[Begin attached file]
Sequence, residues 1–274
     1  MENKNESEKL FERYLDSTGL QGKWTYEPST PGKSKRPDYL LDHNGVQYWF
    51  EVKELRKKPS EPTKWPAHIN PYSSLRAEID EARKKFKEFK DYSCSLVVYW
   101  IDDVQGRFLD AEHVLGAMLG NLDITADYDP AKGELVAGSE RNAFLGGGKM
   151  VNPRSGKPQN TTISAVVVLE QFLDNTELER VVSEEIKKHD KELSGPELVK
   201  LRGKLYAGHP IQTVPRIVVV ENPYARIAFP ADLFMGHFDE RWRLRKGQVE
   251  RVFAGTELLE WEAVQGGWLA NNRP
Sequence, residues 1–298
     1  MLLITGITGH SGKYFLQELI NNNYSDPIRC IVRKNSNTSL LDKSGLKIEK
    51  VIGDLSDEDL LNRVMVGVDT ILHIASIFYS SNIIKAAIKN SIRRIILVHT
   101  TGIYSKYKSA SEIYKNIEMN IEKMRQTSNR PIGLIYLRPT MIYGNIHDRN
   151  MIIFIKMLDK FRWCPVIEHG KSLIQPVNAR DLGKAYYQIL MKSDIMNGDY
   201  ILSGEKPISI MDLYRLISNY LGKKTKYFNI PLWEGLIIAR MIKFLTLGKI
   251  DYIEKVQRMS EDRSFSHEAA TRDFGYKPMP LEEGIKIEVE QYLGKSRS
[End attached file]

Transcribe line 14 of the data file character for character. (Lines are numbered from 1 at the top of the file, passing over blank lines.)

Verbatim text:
   251  DYIEKVQRMS EDRSFSHEAA TRDFGYKPMP LEEGIKIEVE QYLGKSRS